Pop-Up Camper Won’t Go Down? Here’s What To Do


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Pop-up campers are a popular choice amongst those who want to enjoy camping without making a considerable investment in an RV. They’re easy to tow around to different areas for camping and require little to no effort to set up and take down. However, there are times when it’ll get stuck and need a little extra work to take down.

If your camper won’t stay up, check this article.

To fix your pop-up camper when it doesn’t go down, you’ll need to make sure the camper is fully prepared to be let down. Then, take down roof supports and tuck excess canvas in. Next, attempt to crank down your camper, and lastly, troubleshoot any issues and it should go down without any problem.

Throughout this article, I’ll explain in more detail how to fix your pop-up camper when it doesn’t go down. You’ll also learn how to troubleshoot if other issues are causing your trailer to malfunction.

For more personal tips about RV, van life, and sustainable lifestyle, check my resource page here.


Make Sure the Camper Is Fully Prepared To Be Let Down

If you’re having trouble lowering your pop-up camper, more often than not, the problem stems from a part not being taken down or stored correctly. It’s important to do a quick look and walk-through to ensure you put everything away correctly to prevent any trouble.

Make Sure to Zip Up All of your Windows

If you have benches with cushions on them, they’ll either need to be removed or lay completely flat so that they won’t be in the way. If the cushions are still up when putting the camper down, the mattress won’t be able to slide into the correct place.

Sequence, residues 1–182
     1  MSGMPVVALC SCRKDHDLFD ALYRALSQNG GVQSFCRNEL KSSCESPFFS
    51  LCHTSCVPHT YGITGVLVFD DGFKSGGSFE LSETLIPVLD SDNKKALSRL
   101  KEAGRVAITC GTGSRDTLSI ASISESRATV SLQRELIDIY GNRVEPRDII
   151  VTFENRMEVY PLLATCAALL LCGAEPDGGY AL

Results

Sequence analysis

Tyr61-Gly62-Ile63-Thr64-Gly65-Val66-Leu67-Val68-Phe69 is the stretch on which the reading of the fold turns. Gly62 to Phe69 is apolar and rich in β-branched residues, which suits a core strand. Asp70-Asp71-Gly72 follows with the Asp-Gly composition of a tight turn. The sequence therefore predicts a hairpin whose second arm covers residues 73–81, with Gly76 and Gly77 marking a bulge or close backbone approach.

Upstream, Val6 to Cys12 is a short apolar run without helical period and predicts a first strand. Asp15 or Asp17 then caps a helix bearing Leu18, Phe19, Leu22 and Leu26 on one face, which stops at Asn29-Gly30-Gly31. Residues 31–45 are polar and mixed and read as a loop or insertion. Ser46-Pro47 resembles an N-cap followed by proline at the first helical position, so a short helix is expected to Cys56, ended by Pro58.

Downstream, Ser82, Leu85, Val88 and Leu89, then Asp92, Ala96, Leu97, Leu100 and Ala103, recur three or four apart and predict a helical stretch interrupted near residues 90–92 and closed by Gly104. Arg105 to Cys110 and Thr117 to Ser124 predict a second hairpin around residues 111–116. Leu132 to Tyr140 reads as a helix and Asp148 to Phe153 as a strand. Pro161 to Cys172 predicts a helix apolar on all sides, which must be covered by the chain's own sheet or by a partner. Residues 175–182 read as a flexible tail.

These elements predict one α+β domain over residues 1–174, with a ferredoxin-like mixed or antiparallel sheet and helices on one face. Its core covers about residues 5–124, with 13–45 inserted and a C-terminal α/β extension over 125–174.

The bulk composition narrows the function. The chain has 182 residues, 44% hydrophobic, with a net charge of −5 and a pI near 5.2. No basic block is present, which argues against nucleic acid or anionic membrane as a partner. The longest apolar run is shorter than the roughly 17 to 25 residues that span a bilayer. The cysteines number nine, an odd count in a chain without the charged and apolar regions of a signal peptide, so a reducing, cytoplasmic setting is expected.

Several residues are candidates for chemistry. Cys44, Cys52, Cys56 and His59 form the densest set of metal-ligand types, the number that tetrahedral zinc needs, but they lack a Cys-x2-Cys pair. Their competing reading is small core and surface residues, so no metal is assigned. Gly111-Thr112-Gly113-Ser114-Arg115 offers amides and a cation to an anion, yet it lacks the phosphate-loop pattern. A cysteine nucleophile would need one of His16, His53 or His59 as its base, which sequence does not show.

Remove the Camper Door

The doors for pop-up campers will typically come with heavy-duty velcro, and it’s easier to take the door off with it shut rather than opened. Unvelcro the door from the sides and then lift it out of the tracks. There should be a spot on the ceiling the door will clamp to for storage.

Make Sure You Take the Sink Down Correctly

The process for taking down your sink differs between campers, so make sure you’re familiar with it before doing so. Some campers have a handle you pull to bring the sink down, while others have bars that you need to drag out of the way.

Put the Beds Away

Storing the beds is another process that differs from camper to camper. On some models, you have to pull the beds into the trailer manually. However, other models have a pole you unlock and lay flat on the mattress. After that, you pull down on the headboard until the bed completely contracts.

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Take Down Roof Supports and Tuck Excess Canvas In

To avoid fabric snags and jams, make sure you tuck any excess exterior canvas inside. You should also completely remove the door and put the step in the correct spot during this time.

At this point, you should be ready to crank the camper down.

While not all pop-up campers have roof supports, many models do. These supports are also inconspicuous, so they’re really easy to miss when putting the trailer away. Before cranking down the camper, make sure you take down the roof supports if your camper uses them.

Attempt To Crank Down Your Camper